I totally agree with you that we are in a crisis from which only the citizens themselves can extract us. But there is the other side of the dilemma: citizens need some guarantee that there will be some kind of “buy-in” from Government to LISTEN to them otherwise they may as well burn tyres in the road. (TTCAN’s ongoing efforts to stimulate a Citizens Manifesto have been dogged by that cynicism.)
So see below my attempt to carpe diem.
“We are confident that our well-tested Citizen Consultation methodology is politician proof.” Even if the Government chooses to ignore the outcome, our Citizens Manifesto will exist and become a rallying point for action.
August 28, 2013.
This is my last desperate plea for the Government to attempt to lead the nation toward a new and higher vision for our 51st anniversary. If you are prepared to invite TTCAN! to organise a State-funded National Citizens Consultation on Building a Humane, Equitable and Well-Governed Society, I believe that our 20-year track record of non-partisan citizen consultation activities would provide credibility and hope for citizens seeking a vision of the future that they can trust.
Let us thus encourage citizens to rally around a process of articulating what kind of society we long to live in.
Better than my words could, the above e-mail correspondence from Sheilah Solomon describes the patriot that she was.
While we sleep, party and politick, there are some among us who carry us on their shoulders, lifting us beyond our lethargy and toward some higher boundary of possibility. Sheilah Solomon was one of them—a woman of untiring energy, dogged certainty and unrelenting optimism.
Early Monday morning, in the height of the election campaign season, this warrior for local government and constitution reform released her heart from further duty and closed her eyes for eternity. No matter when Death came, it would have found her as she was then—on the cusp of yet another assault on the colonial culture of centralised government. For, as many times as she was beaten back, she came forward.
In this last round, she was in the midst of preparing to convince yet another administration the only viable government was one based on the citizens’ agenda. Distilling that agenda into a Citizens’ Manifesto was the purpose of the National Citizens Consultation that, as coordinator of TT Citizens Agenda Network (TTCAN!), she so diligently pursued, right down to the moment when she passed the baton and left the field.
After some delay, the plea above to her long-standing associate and Minister of Planning Bhoe Tewarie had borne fruit. Last Friday, TTCAN! was scheduled to meet with him and Prime Minister Kamla Persad-Bissessar to promote its proposal for a National Citizens’ Consultation. While State support was needed and would be welcome, the TTCAN! initiative was to be uncompromisingly independent.
By her persistence, Sheilah Solomon did more than most to focus our attention on the nature of power in Caribbean society and the challenge of political transformation.
As if we needed further evidence, along came the local government campaign to remind us of the dysfunctionality of the Westminster mockery that we pass off as democracy, happily confusing freeness with freedom and delusion with democracy.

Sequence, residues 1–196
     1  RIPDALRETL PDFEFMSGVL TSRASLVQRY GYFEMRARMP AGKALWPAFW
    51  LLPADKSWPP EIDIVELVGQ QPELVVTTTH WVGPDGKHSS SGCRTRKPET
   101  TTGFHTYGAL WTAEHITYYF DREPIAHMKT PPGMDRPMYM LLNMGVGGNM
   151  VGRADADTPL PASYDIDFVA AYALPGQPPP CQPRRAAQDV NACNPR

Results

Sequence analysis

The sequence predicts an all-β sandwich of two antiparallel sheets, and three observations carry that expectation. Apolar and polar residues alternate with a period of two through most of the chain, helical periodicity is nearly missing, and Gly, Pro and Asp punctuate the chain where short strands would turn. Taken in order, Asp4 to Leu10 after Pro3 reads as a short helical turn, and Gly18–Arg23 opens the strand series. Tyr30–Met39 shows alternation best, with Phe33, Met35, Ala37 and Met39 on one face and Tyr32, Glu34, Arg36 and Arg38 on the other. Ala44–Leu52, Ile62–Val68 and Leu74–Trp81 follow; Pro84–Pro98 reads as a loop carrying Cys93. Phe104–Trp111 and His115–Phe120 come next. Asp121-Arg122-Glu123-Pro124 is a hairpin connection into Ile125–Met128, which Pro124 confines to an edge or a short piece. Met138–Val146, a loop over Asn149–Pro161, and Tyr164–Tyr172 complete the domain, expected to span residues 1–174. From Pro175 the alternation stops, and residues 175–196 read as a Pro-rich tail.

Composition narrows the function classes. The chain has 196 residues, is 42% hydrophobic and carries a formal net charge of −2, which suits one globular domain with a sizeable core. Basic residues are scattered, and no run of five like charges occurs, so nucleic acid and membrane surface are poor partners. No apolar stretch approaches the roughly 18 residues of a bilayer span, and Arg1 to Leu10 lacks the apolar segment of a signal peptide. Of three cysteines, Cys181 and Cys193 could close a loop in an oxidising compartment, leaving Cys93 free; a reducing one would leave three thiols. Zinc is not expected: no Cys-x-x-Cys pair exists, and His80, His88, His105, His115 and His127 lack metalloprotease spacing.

Under the limbo bar, the world is closing in on us. After centuries of making space where already there was none, we are now flat on our backs.
Assuming we even want to, what will it take to summon the strength to lift ourselves and claim a space above the confines of the limbo bar?
For Sheilah Solomon, sistren of the New World and Tapia movements and international advocate for the disempowered, the process would have to begin with the individual citizen. With the core team of Hollis Charles, Graham Rostant and the late William Latchman, TTCAN! has been actively promoting the National Citizens Consultation as a mechanism for activating people and bringing them into the political process on their own terms, speaking in their own voice. To this process, Sheilah brought her long professional experience in United Nations methodology which she felt certain would make the consultation process “politician-proof”. Perhaps.
In all of this, TTCAN! and Sheilah standsteadfastly on the right side of history. Even through the clouds of our self-induced delusion, we know we can’t go on this way. It is only a matter of time. We have milked our impotence to the point of sourness. Nausea and self-revulsion are our prevailing condition. Lying there under the limbo bar, watching the world move on without us, we know we have no choice now but to stir.
Optimist that she was and ever alert to indications of change, Sheilah would have sensed the stirring born out of our discontent with the enveloping paralysis.
Tomorrow, thousands will go to the polls to vote, many walking with no spring in their step or song in their heart. Still, they will cast their ballots knowing that, though the system is broken and has run its course, voting remains the single act of individual power available to them. But it will not appease the discontent which we know, from experience, can escalate without warning at a rate too great to bear.
To the end, Sheilah Solomon was possessed with the need to create a pathway from discontent to democracy. In this season of discontent, her idea of a National Citizens Consultation that brings us into a common conversation about ourselves and the world in which we wish to live offers the chance of a peaceful transition.
Let’s hasten toward it.
Walk good, Caribbean Sister.